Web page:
See also No. 158.
From De Re Poetica: or, Remarks upon Poetry…with Characters and Censures of the most Considerable Poets (1694), II. 213-16:
A Famous English Poet, born in the City of London, and brought up in Pembroke-Hall in Cambridge; He flourish'd in the Reign of Queen Elizabeth. His great Friend was Sir Philip Sidney, by whose mean he was preferr'd to be Secretary to his Brother Sir Henry Sidney, who was sent Deputy into Ireland, where he is said to have written his Fairy-Queen; but upon the return of Sir Henry, his Employment ceasing, he also return'd into England, and having lost his great Friend Sir Philip, fell into Poverty; whereupon he addrest himself to Queen Elizabeth, presenting her with a Poem, with which she was so well pleas'd, that he had order'd him 500 l. for his support, which nevertheless was abridg'd to One Hundred Pounds by the Lord Treasurer Cecil, who hearing of it, and owing him a grudge for some Reflections in Mother Hubbard's Tale, cry'd out to the Queen, What all this for a Song? This he is said to have taken so much to Heart, that he contracted a deep Melancholy, which soon after brought his life to a Period, Anno Dom. 1598.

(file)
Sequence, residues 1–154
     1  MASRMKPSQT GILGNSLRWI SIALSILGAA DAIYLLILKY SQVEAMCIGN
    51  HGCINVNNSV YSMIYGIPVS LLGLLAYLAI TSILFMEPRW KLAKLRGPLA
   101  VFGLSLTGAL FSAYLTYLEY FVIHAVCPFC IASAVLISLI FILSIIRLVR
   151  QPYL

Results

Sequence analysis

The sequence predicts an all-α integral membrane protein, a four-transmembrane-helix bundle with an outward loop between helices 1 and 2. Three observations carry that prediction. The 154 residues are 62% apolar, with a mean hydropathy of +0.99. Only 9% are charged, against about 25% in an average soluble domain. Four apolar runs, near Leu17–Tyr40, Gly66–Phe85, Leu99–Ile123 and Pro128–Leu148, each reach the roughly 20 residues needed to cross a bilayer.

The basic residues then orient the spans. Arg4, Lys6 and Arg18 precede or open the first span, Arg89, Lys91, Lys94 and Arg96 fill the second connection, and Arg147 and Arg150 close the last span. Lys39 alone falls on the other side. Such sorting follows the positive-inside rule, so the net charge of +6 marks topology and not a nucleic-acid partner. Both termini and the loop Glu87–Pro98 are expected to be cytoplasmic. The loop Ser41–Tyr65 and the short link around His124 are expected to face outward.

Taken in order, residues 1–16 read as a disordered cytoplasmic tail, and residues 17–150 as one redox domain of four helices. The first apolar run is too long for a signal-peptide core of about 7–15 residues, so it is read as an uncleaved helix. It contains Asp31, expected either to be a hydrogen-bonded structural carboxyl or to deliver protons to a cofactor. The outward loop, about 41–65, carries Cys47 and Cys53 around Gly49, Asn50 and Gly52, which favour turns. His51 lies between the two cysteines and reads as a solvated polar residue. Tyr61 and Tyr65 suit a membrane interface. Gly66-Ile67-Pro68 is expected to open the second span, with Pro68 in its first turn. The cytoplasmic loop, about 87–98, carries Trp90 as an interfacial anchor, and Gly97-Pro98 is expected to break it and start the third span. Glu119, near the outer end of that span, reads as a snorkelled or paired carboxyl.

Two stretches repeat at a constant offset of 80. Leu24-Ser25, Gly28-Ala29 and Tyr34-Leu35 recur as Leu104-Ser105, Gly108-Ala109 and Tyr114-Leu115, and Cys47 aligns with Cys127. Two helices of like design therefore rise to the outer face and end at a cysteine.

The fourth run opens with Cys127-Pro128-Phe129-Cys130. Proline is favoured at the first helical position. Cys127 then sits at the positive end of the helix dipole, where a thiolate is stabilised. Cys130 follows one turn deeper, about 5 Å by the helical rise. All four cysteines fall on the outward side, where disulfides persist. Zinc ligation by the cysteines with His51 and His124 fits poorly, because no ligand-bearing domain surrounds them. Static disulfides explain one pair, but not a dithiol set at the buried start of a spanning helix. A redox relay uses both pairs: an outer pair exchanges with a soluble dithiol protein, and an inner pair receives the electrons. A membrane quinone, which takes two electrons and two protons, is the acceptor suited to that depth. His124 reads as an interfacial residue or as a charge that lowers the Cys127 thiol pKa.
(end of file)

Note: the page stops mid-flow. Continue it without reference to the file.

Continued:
Edward Phillips, in his Theatrum Poetarum, says, That Spencer was the first of our English Poets that brought Heroick Poesie to any perfection; his Fairy-Queen being for great Invention and Poetick Heighth, judg'd little Inferiour, if not Equal to the Chief of the Ancient Greeks and Latins, or Modern Italians; But the first Poem that brought him into Esteem, was his Shepherds Kalendar. This Piece was highly admir'd by Sir Philip Sidney.
Cambden, in his History of Queen Elizabeth, says, That Edmund Spencer was a Londoner by Birth, and a Scholar also of the University